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Searching To Find The Soul Of Community In The Welter Of A Boom

September 12, 2017 // Growth—Good, Bad & Ugly, Community

Bozeman from the Bridger Mountains
To save the best of what remains in Montana's Gallatin Valley, Lori Ryker says leaders and citizens must start thinking holistically—Now.
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Unnatural Disaster: Will America’s Most Iconic Wild Ecosystem Be Lost To A Tidal Wave Of People?

September 10, 2017 // Growth—Good, Bad & Ugly

At current conservative growth estimates, Bozeman, Montana will be Minneapolis-proper-sized in 40 years.
A MoJo Special Report: Can the wild Greater Yellowstone Ecosystem survive the coming hurricane of human population growth? As part of Mountain Journal's ongoing investigative series, "Greater Yellowstone: The Big Picture," Todd Wilkinson examines significant issues shaping the future of America's most iconic wildland ecosystem. This story focuses on the accelerating impacts of human development.
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Bonded By Wild Land And Water: A Son Remembers His Dad

September 8, 2017 // Public Lands

O'Dell Creek in the Madison Valley of Montana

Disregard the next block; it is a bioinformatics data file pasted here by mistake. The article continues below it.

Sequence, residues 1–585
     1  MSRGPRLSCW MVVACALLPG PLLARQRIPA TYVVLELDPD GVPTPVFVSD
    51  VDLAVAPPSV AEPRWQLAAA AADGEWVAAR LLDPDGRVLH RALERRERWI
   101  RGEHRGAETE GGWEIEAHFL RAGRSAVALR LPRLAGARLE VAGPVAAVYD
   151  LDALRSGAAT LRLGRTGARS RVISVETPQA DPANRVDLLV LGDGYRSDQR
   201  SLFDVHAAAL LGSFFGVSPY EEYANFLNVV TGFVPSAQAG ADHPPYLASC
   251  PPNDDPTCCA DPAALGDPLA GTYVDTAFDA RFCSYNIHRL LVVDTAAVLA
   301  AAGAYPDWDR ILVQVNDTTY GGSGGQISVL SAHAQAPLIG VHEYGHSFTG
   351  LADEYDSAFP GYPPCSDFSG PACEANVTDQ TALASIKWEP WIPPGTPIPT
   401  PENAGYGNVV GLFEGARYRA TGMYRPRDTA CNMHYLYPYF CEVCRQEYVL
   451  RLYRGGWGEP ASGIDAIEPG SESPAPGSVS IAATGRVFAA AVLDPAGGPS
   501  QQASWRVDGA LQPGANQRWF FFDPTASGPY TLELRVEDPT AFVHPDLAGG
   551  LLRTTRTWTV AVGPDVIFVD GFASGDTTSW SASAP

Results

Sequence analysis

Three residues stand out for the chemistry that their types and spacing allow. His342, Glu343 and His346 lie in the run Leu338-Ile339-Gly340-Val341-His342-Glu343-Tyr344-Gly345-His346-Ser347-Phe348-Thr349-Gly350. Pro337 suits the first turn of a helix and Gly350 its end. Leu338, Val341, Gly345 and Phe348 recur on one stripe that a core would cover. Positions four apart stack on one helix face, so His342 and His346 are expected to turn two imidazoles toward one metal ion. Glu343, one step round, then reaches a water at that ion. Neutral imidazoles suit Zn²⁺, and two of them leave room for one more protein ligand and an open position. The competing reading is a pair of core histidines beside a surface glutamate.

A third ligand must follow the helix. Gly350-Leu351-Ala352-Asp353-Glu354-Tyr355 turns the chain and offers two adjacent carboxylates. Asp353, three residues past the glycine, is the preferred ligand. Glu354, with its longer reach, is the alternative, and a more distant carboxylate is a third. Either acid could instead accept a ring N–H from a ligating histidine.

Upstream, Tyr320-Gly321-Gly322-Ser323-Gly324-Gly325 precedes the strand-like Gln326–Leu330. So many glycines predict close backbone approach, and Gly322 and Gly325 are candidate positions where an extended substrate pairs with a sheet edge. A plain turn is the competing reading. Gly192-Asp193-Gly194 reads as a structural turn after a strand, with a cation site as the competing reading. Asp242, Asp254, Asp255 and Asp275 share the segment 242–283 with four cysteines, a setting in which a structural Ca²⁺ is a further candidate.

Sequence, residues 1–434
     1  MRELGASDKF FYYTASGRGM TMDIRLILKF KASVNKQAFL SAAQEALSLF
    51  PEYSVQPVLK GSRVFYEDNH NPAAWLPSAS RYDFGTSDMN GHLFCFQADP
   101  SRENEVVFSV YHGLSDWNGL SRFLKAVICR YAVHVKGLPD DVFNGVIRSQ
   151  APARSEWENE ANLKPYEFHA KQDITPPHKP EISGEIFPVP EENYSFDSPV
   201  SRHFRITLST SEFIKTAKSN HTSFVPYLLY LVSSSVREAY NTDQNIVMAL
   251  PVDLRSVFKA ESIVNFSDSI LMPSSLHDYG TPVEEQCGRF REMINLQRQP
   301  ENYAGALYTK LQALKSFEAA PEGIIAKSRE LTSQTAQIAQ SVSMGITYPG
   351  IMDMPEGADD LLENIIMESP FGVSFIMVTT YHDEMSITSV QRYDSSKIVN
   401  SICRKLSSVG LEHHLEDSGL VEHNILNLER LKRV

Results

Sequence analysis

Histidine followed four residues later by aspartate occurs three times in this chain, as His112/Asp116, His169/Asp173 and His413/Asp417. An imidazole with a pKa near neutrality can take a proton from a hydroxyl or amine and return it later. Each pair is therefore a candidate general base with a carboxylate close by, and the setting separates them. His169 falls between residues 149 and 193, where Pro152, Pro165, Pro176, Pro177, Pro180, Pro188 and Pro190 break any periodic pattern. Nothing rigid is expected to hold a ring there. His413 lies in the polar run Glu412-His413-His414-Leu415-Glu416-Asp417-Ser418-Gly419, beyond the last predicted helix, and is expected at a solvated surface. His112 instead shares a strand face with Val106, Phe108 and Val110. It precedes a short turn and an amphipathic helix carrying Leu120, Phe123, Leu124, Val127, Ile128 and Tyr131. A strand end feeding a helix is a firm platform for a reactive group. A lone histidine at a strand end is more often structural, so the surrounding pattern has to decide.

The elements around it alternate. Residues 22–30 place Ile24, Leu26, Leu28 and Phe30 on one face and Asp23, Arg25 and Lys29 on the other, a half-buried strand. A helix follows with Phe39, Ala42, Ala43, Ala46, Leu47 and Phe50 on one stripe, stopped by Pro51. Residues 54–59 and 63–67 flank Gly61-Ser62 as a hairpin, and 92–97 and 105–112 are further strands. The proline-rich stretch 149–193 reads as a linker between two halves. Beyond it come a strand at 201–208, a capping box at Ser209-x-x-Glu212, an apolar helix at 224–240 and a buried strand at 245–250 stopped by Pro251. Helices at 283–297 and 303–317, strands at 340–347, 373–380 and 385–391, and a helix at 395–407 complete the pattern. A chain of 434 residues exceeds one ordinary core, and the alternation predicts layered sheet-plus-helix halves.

Writer Liam Diekmann in his debut column for Mountain Journal reflects on some of the greatest gifts his Father, the late conservationist Alex Diekmann, gave him., 
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Spooked By The Ghost Forests Of Greater Yellowstone

September 6, 2017

Dead whitebark pine trees in Greater Yellowstone. Photo courtesy U.S. Fish and Wildlife Service
Decades ago, Forest Service entomologist Jesse Logan feared climate change would devastate whitebark pine, an important food source for Greater Yellowstone grizzlies. Unfortunately, his prediction has proved true.
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Wilderness: America's Second-Best Idea Is Under Attack—Unfortunately By Some Recreationists

September 6, 2017 // Wilderness

Detail of Monte Dolack's painting A Peaceable Kingdom of Wilderness
In this second part of an ongoing series on wilderness in America, MoJo columnist Franz Camenzind shines a light on efforts in Congress to roll back federal protection for wilderness. One of the main surprising instigators, he says, are mountain bikers masquerading as conservationists.


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The Voice Of Lois Red Elk-Reed Hails From The Real Old Old West

September 5, 2017 // Culture

Lois Red Elk-Reed and husband, Dennis, at Standing Rock in autumn 2016
From working on multiple fronts to preserve her culture to advising Hollywood on its portrayals of native people, Lois Red Elk-Reed, of Fort Peck, Montana, has gained acclaim as an "organic poet".
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